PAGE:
Who Controls Government?

A comment on Facebook post started a thought in my poorly educated Mississippi brain and this is what came out. I wrote a post yesterday about how futile it seems to expect elected officials to control government (much less shrink it) because the elected portion if our government is dwarfed in both population and real power by the administrative state, the entrenched bureaucracy that lives on regardless of which party wins elections.

Think of it in these terms – Americans elect 1 president and 1 vice president, 100 Senators and 435 Representatives to federal service on our behalf, that totals 537 elected officials. In 2015, the federal government employed 2.79 million civil servants, many in senior positions with greater regulatory and enforcement power than any branch of the elected government. A mid-level bureaucrat in the EPA has more direct power over the daily lives of regular citizens than any Congressional committee and most certainly any more than any elected individual in Congress.

Now add to those facts that there is a political movement in both parties that supports more government – the Democrats are 100% steeped in the progressivism of Wilson and FDR and even a significant percentage of the GOP are adherents of the progressivism of Teddy Roosevelt – and you can see that there is a very small percentage of the elected government who want smaller government.

People want to term limit Congress to a few terms – let’s say 5 two year terms in the House and 2 in the Senate. The President is already limited to 2 terms – so that’s 10, 12 and 8 years respectively. The Office of Personnel Management (federal government agency) records the average seniority of a civilian federal worker at 13.7 years. Slightly over half have a undergraduate degree. There is also a category called the Senior Executive Service (SES) – people who serve in the key positions just below the top Presidential appointees – where the average length of federal service is 23.4 years. The administrative state is filled with people who understand how to work the levers of Leviathan. Even without term limits, the elected branches of government are transient – the bureaucracy is forever.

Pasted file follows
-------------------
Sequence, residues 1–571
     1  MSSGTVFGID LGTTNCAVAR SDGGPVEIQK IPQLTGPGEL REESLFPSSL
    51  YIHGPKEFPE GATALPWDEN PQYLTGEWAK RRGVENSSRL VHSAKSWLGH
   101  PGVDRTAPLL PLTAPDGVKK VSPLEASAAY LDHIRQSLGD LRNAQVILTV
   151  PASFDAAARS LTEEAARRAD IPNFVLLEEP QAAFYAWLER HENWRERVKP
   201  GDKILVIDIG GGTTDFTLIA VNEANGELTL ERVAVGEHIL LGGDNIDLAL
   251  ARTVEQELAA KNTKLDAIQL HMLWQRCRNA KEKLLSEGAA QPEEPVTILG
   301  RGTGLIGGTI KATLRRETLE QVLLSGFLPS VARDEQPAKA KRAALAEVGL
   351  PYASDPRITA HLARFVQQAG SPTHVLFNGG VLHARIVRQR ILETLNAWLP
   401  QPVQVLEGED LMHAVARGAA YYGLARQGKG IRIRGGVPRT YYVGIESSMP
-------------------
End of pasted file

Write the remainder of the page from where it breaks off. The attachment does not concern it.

Based on these facts, just who do you suppose truly runs government?

I have guesstimated that our elected officials have maybe, on a good day, control over 30% of the operation of the government Leviathan. It may be far less. There were three co-equal branches of government established by the U.S. Constitution, to combat the checks and balances provided in that document, a progressive movement started by the Constitution hating Woodrow Wilson, expanded by FDR and added to by every successive progressive official, created a powerful, unelected, unchecked fourth branch, the bureaucracy (often referred to as the administrative or deep state).